I was reading LAC (https://eprint.iacr.org/2018/1009.pdf). They mention about high-hamming weight attacks on the Centered Binomial Distribution (CBD). To counter this, they propose CBD with fixed hamming weight.

To prevent high hamming weigh attacks, we switch to n-ary centered binomial distribution with fixed Hamming weight. This makes LAC com- pletely immune from high Hamming weight attacks and their potential variants.

KYBER uses CBD. Does these kinds of high-hamming weight attacks effects Kyber? In the security analysis of Kyber, I have not came across any such discussion? Are these attacks really serious?

Centered Binomial Distribution (CBD) is defined in Kyber as:

Sampling from a binomial distribution. Noise in Kyber is sampled from a centered binomial distribution $B_{\eta}$ for $\eta = 2$ or $\eta = 3$. We define $B_{\eta}$ as follows:

$$ \text{Sample} (a_1, \ldots, a_{\eta}, b_1, \ldots, b_{\eta}) \leftarrow \{0,1\}^{2\eta} \\ \text{and output} \sum_{i=1}^{\eta} (a_i - b_i). $$

When we write that a polynomial $f \in R_q$ or a vector of such polynomials is sampled from $B_{\eta}$, we mean that each coefficient is sampled from $B_{\eta}$.

For the specification of Kyber we need to define how a polynomial $f \in R_q$ is sampled according to $B_{\eta}$ deterministically from $64\eta$ bytes of output of a pseudorandom function (we fix $n = 256$ in this description). This is done by the function CBD (for "centered binomial distribution") defined as described in Algorithm 2.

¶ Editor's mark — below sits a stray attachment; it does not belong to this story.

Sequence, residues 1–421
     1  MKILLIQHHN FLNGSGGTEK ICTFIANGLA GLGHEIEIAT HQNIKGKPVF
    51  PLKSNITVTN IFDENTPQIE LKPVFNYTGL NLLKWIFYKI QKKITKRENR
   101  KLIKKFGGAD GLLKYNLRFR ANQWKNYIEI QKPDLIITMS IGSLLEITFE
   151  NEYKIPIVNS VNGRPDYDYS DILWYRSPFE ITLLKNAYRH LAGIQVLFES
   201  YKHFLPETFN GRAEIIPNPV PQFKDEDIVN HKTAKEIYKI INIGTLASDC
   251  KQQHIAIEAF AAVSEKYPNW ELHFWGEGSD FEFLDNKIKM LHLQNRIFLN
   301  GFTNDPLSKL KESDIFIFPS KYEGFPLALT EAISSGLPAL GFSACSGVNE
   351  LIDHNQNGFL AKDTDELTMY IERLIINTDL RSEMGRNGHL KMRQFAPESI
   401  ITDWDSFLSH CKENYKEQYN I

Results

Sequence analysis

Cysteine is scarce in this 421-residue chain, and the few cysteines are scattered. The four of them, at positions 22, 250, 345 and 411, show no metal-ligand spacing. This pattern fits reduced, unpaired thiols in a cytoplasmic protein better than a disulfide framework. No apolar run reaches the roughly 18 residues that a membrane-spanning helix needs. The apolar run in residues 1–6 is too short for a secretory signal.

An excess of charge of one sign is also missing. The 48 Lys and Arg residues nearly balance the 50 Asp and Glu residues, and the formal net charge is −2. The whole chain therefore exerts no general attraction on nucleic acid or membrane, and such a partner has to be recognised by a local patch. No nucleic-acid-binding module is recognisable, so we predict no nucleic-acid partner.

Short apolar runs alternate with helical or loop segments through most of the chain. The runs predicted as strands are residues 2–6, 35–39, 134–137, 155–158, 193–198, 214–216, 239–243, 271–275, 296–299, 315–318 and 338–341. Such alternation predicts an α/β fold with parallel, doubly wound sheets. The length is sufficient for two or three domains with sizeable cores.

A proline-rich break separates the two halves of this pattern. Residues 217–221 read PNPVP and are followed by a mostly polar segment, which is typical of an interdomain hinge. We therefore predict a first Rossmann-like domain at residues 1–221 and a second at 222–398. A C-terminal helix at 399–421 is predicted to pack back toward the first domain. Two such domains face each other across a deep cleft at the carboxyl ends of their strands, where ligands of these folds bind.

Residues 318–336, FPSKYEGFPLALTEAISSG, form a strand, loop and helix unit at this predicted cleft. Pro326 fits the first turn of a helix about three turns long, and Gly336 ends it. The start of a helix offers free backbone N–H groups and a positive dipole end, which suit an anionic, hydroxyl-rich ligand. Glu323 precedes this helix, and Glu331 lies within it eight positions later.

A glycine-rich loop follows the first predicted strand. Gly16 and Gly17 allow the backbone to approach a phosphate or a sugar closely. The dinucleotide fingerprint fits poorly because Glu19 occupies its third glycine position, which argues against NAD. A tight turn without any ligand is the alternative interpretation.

Algorithm 2: $\text{CBD}_{q}: \mathbb{B}^{64\eta} \rightarrow R_q$

  • Input: Byte array $B = (b_0, \ldots, b_{64\eta-1}) \in \mathbb{B}^{64\eta}$
  • Output: Polynomial $f \in R_q$

$(\beta_0, \ldots, \beta_{512\eta-1}) = \text{BytesToBits}(B)$
for $i$ from 0 to 255 do
  $a = \sum_{j=0}^{\eta-1} \beta_{2\eta i+j}$
  $b = \sum_{j=0}^{\eta-1} \beta_{2\eta i+\eta+j}$
  $f_i = a - b$
end for
return $f_0 + f_1x + f_2x^2 + \ldots + f_{255}x^{255}$

  • 2
    $\begingroup$ Define CBD? The paper doesn't use this acronym and I have never heard it before. $\endgroup$
    – Mikero
    Commented Mar 20 at 14:01
  • $\begingroup$ I believe (but am not 100% sure, hence the comment rather than answer) that LAC are talking about the failure boosting attacks. You can apply these attacks to Kyber too, they're just less effective. See Table 1 in the paper on page 19. $\endgroup$
    – Mark Schultz-Wu
    Commented Mar 20 at 18:11

1 Answer 1


*-LWE systems are all based around the idea of adding "noise" to a constrained linear system. Any non-zero noise will prevent the linear system being directly solvable using linear algebra and require less direct methods to recover the most likely constrained solution (e.g. exhaustion over possible noise values or techniques from lattice problems). By making the work required for these less direct methods large, we hope to develop a secure system.

There are a couple of ways that the added noise can be problematic.

  1. If it's not "noisy" enough so that the some of the less direct methods become feasible e.g. if the "error" is all zeros apart from a single +1 entry it is easy to exhaust over all possible locations of the non-zero and solve using linear algebra.
  2. If it's too "noisy" so that the most likely constrained solution is not the same as the solution that was used to generate the system. Cryptographically speaking this leads to decryption failures. The fact that such a failure has taken place provides information about the secret values used, which is a cryptographic no-no.